Monday, December 9, 2013
NORRIDGEWOCK -- Having growing up in central Maine in the 1930s, Ed Weston remembers days when the temperature ranged between minus 50 and minus 32. He walked to school in it.
Ed Weston Weston said he goes to the Norridgewock warming center often because he enjoys the food and the chance to socialize.
Staff photo by Rachel Ohm
That was when the Madison elementary school was still on Main Street, in a building that is set to be demolished later this year.
"It's much warmer now than it used to be," said Weston, who is 87 and now lives in Norridgewock. On Thursday morning he was eating a lunch of spaghetti and meatballs at the First Congressional Church warming center, which is open weekly as a respite from the cold for the community.
In Waterville and parts of Somerset County, people are congregating in shelters and warming centers such as the one in Norridgewock. Workers and volunteers in the area say they are busy but haven't yet had to turn people away.
Weston was one of about 60 people to be served by around noon Thursday at the church warming center in Norridgewock. The center is open from 11 a.m. to 1 p.m. every Thursday, said volunteer Betty Libby, 64, and it usually serves 70 to 80 people, either at the church or through home delivery of warm meals.
In Waterville, Betty Palmer, the executive director of the Mid-Maine Homeless Shelter, said the shelter has seen an increase in the number of elderly people this winter because many of them live in poorly insulated homes that are too expensive to heat, and they also feel the cold more.
In addition, she said, numbers at the shelter have been higher in general because there is a shortage of state housing vouchers available for the homeless.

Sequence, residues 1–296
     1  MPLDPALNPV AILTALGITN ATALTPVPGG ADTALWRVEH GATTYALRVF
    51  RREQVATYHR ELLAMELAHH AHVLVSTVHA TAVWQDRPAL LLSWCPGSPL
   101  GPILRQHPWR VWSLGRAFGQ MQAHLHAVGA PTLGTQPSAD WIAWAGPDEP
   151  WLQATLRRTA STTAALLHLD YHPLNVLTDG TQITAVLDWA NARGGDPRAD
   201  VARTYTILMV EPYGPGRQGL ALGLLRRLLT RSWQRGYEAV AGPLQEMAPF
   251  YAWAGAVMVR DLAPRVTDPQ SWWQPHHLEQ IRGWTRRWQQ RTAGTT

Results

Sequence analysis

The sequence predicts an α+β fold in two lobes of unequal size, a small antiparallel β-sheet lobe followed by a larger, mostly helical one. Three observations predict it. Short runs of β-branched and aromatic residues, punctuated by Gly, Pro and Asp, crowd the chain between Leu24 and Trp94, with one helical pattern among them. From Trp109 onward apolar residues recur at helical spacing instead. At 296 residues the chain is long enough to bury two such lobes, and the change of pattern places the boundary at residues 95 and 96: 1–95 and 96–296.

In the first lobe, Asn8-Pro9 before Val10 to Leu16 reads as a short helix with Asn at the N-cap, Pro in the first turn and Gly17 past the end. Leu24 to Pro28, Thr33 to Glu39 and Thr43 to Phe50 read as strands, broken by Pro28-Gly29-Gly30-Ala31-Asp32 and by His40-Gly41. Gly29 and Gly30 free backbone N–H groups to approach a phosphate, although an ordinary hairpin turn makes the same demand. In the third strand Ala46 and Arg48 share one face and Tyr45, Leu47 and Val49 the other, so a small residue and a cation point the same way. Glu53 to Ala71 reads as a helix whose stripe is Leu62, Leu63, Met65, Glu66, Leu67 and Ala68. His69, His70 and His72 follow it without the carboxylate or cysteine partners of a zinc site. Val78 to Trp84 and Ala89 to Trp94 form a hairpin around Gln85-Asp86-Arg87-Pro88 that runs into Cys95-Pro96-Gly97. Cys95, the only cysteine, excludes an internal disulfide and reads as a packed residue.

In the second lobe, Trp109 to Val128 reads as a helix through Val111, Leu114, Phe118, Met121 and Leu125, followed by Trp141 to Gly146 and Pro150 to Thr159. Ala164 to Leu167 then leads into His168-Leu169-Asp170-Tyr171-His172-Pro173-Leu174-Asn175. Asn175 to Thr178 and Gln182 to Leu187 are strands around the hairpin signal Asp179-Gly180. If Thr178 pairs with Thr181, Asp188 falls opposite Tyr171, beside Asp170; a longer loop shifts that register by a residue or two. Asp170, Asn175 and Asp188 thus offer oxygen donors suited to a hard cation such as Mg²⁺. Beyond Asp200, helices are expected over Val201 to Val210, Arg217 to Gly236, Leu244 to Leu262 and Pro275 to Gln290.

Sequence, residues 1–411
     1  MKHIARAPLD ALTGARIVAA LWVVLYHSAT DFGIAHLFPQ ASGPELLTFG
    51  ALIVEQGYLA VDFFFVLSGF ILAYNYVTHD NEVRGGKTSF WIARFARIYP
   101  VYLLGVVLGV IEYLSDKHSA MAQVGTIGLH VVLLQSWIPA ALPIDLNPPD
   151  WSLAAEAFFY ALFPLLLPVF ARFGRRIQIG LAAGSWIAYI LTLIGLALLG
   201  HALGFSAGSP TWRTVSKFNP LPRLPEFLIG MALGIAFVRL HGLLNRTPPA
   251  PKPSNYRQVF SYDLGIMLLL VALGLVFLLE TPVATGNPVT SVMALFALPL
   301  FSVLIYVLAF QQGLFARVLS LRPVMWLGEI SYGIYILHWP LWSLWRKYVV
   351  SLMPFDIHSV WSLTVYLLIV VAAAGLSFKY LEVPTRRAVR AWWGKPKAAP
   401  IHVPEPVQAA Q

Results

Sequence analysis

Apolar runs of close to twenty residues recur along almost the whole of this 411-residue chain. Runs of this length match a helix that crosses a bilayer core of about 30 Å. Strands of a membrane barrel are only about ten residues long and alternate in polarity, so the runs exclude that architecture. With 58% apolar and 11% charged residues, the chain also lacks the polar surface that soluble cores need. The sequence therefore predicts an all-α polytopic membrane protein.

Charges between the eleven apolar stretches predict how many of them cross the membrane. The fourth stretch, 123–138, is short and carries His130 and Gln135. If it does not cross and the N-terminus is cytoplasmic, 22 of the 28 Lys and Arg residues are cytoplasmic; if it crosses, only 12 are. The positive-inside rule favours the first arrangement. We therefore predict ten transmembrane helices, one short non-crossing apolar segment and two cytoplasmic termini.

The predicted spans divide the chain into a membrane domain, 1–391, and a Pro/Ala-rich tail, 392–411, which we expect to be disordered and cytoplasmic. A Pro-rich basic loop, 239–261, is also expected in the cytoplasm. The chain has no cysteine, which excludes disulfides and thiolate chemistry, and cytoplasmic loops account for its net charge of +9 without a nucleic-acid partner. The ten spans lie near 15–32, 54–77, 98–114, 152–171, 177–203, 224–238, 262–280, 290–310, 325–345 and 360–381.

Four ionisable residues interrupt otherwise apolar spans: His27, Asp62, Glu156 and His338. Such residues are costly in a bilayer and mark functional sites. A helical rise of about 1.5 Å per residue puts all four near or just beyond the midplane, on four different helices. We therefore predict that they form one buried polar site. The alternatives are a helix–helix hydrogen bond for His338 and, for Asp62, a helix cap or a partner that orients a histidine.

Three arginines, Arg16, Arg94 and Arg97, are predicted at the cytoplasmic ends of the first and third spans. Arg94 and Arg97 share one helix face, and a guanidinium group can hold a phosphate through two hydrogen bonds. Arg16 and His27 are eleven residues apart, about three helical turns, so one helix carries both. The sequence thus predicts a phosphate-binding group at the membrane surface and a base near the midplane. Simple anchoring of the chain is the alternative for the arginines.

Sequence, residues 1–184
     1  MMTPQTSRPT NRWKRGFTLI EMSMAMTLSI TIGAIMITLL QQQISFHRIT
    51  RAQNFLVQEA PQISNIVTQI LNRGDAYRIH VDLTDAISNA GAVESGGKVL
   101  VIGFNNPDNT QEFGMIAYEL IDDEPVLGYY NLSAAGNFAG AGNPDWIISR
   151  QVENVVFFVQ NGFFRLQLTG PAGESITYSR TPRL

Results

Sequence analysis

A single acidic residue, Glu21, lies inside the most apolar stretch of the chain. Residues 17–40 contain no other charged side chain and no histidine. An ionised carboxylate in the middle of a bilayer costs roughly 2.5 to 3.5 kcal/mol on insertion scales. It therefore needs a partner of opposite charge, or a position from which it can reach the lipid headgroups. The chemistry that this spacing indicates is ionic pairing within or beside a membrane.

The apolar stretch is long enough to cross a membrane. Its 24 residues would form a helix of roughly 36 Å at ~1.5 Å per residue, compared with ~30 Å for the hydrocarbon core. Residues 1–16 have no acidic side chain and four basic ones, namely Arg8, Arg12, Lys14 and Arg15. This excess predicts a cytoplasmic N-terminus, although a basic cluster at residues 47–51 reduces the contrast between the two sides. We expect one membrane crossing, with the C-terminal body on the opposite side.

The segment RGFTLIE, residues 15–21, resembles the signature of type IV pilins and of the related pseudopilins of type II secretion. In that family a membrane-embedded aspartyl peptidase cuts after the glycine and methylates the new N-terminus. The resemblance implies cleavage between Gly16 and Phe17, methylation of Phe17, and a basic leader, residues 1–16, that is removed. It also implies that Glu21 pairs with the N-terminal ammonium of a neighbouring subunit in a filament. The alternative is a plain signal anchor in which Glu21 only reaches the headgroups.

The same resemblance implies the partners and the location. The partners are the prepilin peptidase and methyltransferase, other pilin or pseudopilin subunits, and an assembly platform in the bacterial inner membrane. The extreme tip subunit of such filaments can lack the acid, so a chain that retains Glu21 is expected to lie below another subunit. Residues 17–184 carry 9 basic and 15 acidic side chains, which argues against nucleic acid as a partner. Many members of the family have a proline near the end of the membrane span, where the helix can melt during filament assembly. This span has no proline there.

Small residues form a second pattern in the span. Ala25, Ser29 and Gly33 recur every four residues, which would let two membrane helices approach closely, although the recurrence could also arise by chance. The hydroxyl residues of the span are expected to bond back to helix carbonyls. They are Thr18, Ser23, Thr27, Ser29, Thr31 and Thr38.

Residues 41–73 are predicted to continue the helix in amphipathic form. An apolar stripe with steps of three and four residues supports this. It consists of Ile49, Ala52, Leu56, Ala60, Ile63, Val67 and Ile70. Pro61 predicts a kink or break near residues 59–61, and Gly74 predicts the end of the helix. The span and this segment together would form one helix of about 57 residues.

"There are people sleeping on the floor everywhere, including the floor of the lobby," she said. "I think it's hard if you've worked your whole life and have to ask for help."
Bill Oakes, shelter supervisor at Trinity Men's Shelter in Skowhegan, said about 50 people are staying there, although maximum capacity is 60.
"We've had stable numbers this winter, usually between 50 and 60 people," he said.
Libby said numbers were up this week in Norridgewock, however, in the midst of some very cold temperatures.
"People can come and sit down, have a hot meal and stay warm. A lot of people are staying longer today," said Libby, who is also a deacon at the church and has been working at the warming center since it opened three years ago.
Palmer said even people who aren't homeless might not be able to insulate their homes properly, so they come to the shelter for help.
"We really see the desperation in their faces when it's this cold. We say here that there is no shame in homelessness, but I think people feel ashamed when they come," she said.
Weston, who was eating lunch on Thursday with a friend, Rita Wood, 80, said he comes to the warming center often because he enjoys the food and the chance to socialize.
Wood also said she comes frequently, but decided it was essential on Thursday after waking up to frozen hot-water pipes.
"I've had my cold water freeze before, but never the hotwater pipes," she said. "That was a first."
Rachel Ohm -- 612-2368